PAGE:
Sunday, 19 January 2020


Captain C Weed devised an emergency diving helmet and flippers.
A shark repelling wet suit (satire) with Captain C Weed (1986)

Sea Hunt was built by and for Ron Isbell in Gladstone 1968 the first to cater for free divers.  
Heron Island with Ron and eldest daughter Roslyn Isbell. (1973)


Wally Gibbins (sometimes mis-spelled Wally Gibbons)

Glen Preece of Sea Hornet equipment (2004)

Tom Byron - aboard Auriga Bay (1983)

Val (in an unusual for her yellow wet suit) appearing in a for-cinema's cigarette commercial (not released) in 1967.  Featuring extinct kangaroo remains from The Pines, Mt.Gambier  South Australia.  Thirty crew were involved in the production being filmed in 35mm.  The big boss from overseas apparently did not like the theme devised by Sydney's leading advertising agency.

Monday, 18 November 2019

Australian Championships December 1965

 Sweet victory for Peter Kemp beating Ron Taylor - both attended the World Championship just a few months before in French Polynesia (won by Ron).
The Little King (John Gillies) saying something important.

 Ron Taylor - his last spearing competition.

Ron boats a Coral Trout during the competition.

 Ron Taylor and Peter Kemp

 John Black (foreground)  Vic Ley in centre

'SAUMAREZ REEF' originally Slaughter at Saumarez)

 Screen grabs from Saumarez Reef.  Shark killing is not featured in this 2019 edition.

Add caption Helmet shell which failed to survive the rough trip home.

US Liberty ship 'Francis Preston Blair' went aground at Saumarez Reef during a cyclone near the end of WW2.

(The bronze propeller was later salvaged by Australian commercial divers who may have been alerted when the film was first released in 1965).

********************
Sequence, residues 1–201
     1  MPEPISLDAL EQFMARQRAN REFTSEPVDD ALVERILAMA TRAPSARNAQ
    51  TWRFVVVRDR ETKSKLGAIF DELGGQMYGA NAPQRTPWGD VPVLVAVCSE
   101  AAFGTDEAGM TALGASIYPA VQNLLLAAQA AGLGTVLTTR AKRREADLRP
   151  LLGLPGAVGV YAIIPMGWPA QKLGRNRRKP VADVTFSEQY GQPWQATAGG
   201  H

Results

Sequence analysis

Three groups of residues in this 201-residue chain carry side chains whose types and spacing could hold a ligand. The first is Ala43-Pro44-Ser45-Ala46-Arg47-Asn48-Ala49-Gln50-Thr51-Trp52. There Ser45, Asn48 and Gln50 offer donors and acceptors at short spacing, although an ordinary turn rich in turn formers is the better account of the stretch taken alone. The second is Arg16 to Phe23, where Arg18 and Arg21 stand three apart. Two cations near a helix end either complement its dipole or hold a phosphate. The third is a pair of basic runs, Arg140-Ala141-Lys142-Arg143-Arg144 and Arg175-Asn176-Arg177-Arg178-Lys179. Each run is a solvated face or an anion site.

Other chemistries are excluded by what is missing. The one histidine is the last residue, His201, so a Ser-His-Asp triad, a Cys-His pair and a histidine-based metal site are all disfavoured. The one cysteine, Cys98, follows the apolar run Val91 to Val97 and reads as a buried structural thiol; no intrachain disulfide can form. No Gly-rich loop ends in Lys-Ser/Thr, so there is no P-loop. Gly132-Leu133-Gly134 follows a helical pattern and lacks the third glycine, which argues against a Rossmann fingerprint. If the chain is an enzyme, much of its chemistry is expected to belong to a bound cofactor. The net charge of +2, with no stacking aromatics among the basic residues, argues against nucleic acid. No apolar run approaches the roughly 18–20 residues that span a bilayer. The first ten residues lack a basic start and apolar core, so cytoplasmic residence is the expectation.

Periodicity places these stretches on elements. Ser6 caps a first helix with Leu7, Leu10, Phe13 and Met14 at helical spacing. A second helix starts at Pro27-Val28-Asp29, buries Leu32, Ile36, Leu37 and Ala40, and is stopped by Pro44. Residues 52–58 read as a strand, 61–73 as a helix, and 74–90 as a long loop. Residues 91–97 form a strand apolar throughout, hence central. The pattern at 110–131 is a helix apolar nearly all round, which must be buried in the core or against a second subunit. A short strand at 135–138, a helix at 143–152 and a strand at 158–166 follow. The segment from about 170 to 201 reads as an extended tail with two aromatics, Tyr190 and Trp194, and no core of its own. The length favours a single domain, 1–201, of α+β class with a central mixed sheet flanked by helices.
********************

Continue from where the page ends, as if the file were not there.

Rear deck gun was standard armory on Liberty ships.

 Explosion hole probably caused by RAAF aircraft (who owned the wreck).

 200 foot visibility on the weather side of the reef. Zangari with a Blue spot trout.
Wally trolling early morning

Riversong in Ross Creek, Yeppoon where there are huge tidal variations.

Red Bass was filleted and mixed with other fillets.

  Dog tooth tuna are common at Saumarez around the deep bommies that almost touch the surface.

 Wally on Riversong at work filleting the catch of the day.

Wednesday, 2 August 2017


New edit of Ron Taylor's classic 'first film in color' featuring his girlfriend Valerie Heighes soon to be Mrs Valerie Taylor.

No diving reef rules existed in 1963 - consequently Val often touched the coral.

Wally Gibbins rides a turtle 'into the distance' at the end.

Filmed during the annual November "Skindiving Convention" held at Heron Island, Queensland.  A time for spear fishermen and shell collectors to holiday together and exchange information.

Underwater photography with medium format Rolleiflex camera with diver Alan Power photographing Valerie with painted crayfish (later called a lobster).

Original footage is on Kodachrome II 16mm stock.

Saturday, 13 May 2017


The first Great white to be saved by Australian divers - at a time when the species was poorly understood and years before JAWS was written and the movie made.  Ron Taylor took a very calculated risk - saving a shark that may have been one of the two (or more) which could have yet did not attack him when he fell into the sea the previous night.  An act of kindness being repaid.

This footage was re-discovered in 2017 and music added for this memorial to both Ron and the shark he spared.

Wednesday, 10 May 2017


Ron Taylor's 14 foot Tradewind CK69N  was purchased in 1964.
This was the only dinghy owned by the Taylor's for the next fifty years,.

 Seal Rocks NSW  about to be interviewed by TV journalist Paul Lockyer  (centre)

"Skindiving Paradise" Ron and Val Taylor at Heron Island QLD in the early 1960s.

Five Movietone titles filmed by Ron Taylor pre 1965

John Harding and Val Taylor enjoy a tow on what was then a rarely photographed underwater shark species.  December 1967.   
Ron Taylor directing RW Fox for a scene in Revenge of a 'Shark Victim' at Aldinga Reef, South Australia where he was bitten the previous year.